I think that Alfresco's Matt Asay and I share some of the same concerns about the current spate of lawsuits that BusyBox and the Software Freedom Law Center (SFLC) have been busily filing. On the one hand, open-source developers have to protect their rights. However, as Matt notes:
My primary concern is that this (and the other two ongoing BusyBox lawsuits) will create more misunderstanding about the requirements the GPL imposes. It won't be helpful to have this result in less GPL-licensed software being adopted.
Put another way: if using GPL software comes to be seen as an invitation to get sued, fewer people will use GPL software. Whether individual enforcement actions can be justified isn't really the point. It's whether, collectively, copyleft-style licenses (including the GPL) start to look more legally risky than beneficial. CNET.com's Stephen Shankland took a look at SFLC's increasingly hard-line approach to license enforcement in "GPL defenders say: See you in court."
The latest BusyBox lawsuit against Verizon seems especially problematic.
Essentially, Verizon distributes Actiontec MI424WR routers to its customers for its Fios Internet service. It's unclear to me whether the device is sold or loaned or given away as part of the service; perhaps it's different by geographical location as I've heard conflicting experiences. In any case, the router is an integral part of Verizon's service. The routers use firmware that contains a variety of GPL software including BusyBox, a set of small versions of many common Unix utilities combined into a single executable.
The crux of the complaint is that Verizon allows its customers to download the router firmware from Verizon. Thus, although Actiontec apparently provides source code as required by the GPL on its own Web site, Verizon does not. It's also unclear whether the Verizon firmware is identical to Actiontec's and, if there are differences, whether they are relevant to the GPL or BusyBox. Regardless, the complaint focuses on the fact that Verizon offers firmware binaries for download without offering the corresponding source code; it makes no mention of Verizon distributing the binaries for a unique version of BusyBox.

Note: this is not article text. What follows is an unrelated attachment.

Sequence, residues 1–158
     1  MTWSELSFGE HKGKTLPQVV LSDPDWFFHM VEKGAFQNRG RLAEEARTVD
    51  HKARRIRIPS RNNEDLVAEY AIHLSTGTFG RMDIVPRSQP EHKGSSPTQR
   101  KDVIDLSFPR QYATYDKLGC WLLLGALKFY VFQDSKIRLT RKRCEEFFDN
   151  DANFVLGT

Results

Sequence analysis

Because Verizon is distributing firmware binaries without an offer of source code, this would, in fact, appear to be a violation of the GPL.
But it seems a rather picayune and hyper-technical one--especially if the Verizon firmware uses the same BusyBox code that is already available on the manufacturer's Web site.
It seems only a small step from this case to others that would raise some real concerns about using open source. I'm not a lawyer and draw no conclusion about whether these different sets of facts could trigger GPL violations or not. I merely note that they're close enough to the Verizon case that fine legal parsing would be needed to distinguish them.
- What if the entity distributing the routers was less clearly an OEM and more of a conventional retail outlet or electronics distributor? Presumably Best Buy doesn't today have to offer open-source source code for all the products that it sells, but what if it were to offer downloads to drivers and such as a convenience to customers? Could it run afoul of the GPL in the same way as Verizon?
- And why exactly does it matter whether the software binaries are being offered for download anyway? Even if they're just burned into flash inside the device, how is that different?
- OK, you say. So long as the hardware device comes with a piece of paper of whatever pointing the user to some source code download location at the original manufacturer's Web site, there's no problem. I guess that means that stores need to be careful about selling products in OEM packaging (i.e., not retail boxed). How would Micro Center even know whether some unboxed Seagate drive they're selling uses GPL code in its firmware or not?
To my non-lawyer (but reasonably open source-educated) eyes, these cases aren't clearly unique from that of Verizon. And, if they can't be clearly distinguished, they suggest scenarios that would be troubling to a lot of vendors making use of GPL software.
(Throughout this post, I've used the generic term "GPL." The new iteration of the license, GPLv3, includes some specific language related to end-user hardware devices that may or may not be relevant in this context. In any case, the reality is that the vast bulk of existing GPL software still uses the GPLv2 version.)